Bar & Bench spoke to lawyers from across India - both senior and junior - to find out how much (if at all) litigating lawyers pay their juniors. What are the trends and practices across different cities? How do some lawyers justify not paying their juniors?
The Union Territory of Chandigarh is home to the Punjab & Haryana High Court, where legal practitioners have followed certain established practices that determine how much juniors get paid in India's first planned city.
The majority of lawyers in Chandigarh receive a lump sum from clients, distinct from the patterns seen in legal practice hubs like Delhi or Mumbai. And when it comes to seniors paying their juniors, these practices are factored in.
Senior Advocate Gurminder Singh dislikes having many juniors trail him in the court corridors.
At present, six juniors work with him and their remuneration broadly depends on the nature of work he gets and the client's fee.
“I pay my associate lawyers on per case basis. Whenever we book a client, it is marked to a particular associate. The associate gets a separate fee from the client, which could anything between ₹40-50k per case,” he said.
For counsel who work with non-designated seniors, the pattern of pay, he said, would be very different from those working with offices manned by designated seniors.
“I feel as a fresher in a city like Chandigarh, what is normally being offered is anything between ₹30-50k to a junior counsel from the start, and then of course depending on the input they give, utility that they create for themselves, the remuneration can increase handsomely."
The bulk of his practice lies in the Punjab & Haryana High Court, where the pattern of payment has largely been on the basis of a lump sum fee.
Nowadays, lawyers also charge on a per-hearing basis, especially in matters concerning states, companies and corporate clients, but the lump sum fee pattern still continues for about 95% of the lawyers in the city.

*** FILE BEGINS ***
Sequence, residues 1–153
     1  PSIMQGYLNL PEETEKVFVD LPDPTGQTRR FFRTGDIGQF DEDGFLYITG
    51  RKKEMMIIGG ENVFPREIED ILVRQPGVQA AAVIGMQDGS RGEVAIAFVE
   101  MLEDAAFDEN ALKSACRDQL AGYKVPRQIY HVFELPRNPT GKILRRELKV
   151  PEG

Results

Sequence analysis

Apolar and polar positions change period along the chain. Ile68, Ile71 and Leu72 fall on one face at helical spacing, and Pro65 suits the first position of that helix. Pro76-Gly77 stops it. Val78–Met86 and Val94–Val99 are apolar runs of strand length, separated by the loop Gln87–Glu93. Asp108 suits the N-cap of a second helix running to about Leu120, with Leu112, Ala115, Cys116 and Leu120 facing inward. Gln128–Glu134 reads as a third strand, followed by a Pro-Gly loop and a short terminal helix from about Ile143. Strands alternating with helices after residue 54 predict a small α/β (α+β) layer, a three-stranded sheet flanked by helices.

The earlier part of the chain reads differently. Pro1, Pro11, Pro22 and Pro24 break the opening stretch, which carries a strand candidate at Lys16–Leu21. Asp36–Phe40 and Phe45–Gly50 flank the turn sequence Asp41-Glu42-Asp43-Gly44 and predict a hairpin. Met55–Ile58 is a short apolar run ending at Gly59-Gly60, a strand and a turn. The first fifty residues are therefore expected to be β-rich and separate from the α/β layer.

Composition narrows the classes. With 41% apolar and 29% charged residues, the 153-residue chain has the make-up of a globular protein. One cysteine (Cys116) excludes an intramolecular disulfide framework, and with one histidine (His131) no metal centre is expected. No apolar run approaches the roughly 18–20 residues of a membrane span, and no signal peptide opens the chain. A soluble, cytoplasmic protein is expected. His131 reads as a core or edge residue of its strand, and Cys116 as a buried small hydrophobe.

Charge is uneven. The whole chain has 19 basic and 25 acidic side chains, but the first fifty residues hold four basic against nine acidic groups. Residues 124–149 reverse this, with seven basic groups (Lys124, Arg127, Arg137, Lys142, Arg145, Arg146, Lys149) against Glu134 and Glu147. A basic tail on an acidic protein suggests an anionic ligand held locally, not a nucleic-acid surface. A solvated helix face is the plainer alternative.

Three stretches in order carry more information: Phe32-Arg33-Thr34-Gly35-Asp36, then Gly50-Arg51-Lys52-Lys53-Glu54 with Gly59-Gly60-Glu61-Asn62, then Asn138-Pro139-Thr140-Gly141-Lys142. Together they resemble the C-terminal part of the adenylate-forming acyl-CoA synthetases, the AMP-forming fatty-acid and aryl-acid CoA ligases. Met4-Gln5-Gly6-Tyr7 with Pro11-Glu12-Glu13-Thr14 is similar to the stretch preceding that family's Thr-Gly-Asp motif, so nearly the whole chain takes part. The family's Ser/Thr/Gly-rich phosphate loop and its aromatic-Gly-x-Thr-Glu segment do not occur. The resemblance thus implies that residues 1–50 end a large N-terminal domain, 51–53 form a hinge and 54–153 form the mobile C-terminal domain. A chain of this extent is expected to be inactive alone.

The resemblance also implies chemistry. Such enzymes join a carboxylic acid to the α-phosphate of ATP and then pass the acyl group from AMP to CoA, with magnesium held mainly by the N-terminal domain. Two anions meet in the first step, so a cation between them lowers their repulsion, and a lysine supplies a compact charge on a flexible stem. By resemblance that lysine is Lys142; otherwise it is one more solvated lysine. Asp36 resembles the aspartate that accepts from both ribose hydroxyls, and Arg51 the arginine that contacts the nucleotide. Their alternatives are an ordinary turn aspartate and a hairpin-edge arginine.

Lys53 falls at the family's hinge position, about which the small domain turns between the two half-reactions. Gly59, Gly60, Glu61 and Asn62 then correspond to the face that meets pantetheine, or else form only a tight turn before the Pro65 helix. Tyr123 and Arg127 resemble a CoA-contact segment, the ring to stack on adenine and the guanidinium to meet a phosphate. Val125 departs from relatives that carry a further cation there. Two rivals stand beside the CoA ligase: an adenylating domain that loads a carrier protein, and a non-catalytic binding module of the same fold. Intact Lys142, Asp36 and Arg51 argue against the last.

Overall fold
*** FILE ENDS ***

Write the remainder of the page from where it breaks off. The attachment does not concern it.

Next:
“The pattern has largely changed because of the pendency being so long for a case that if you are engaged today, the matter could continue some times to the extent of 10-11 years,” Singh revealed.
Given the scenario, getting clients interim relief becomes important and they don’t mind paying a good fee to a senior counsel for such relief and "motion hearing".
Eventually, at the time of final disposal of a case, the client can take a call as to whom they want to engage and the money they are willing to shell out.
According to him, a “two-fold” issue determines the remuneration.
“One, the numbers entering the profession are really large, the influx into the legal profession has really no checks and balances either on the seriousness or the competence."
The other aspect, he opined, stemmed from the pattern of practice. A high quantum of Supreme Court and High Court cases are concentrated with only a few chambers, he revealed.
Singh nonetheless hoped that juniors get rewarded “far more” than their existing emoluments, as their "hard work" mitigates most of the work of the seniors.
Senior Advocate Bipan Ghai, on the other hand, has a theory of paying each of his 12-15 juniors and treating them as his own "family members" for the cumulative growth of his chamber.
He accordingly pays them ₹3 lakh per annum.
Ghai, who has been practicing since 1985, and was designated as a Senior Advocate in 2008, said,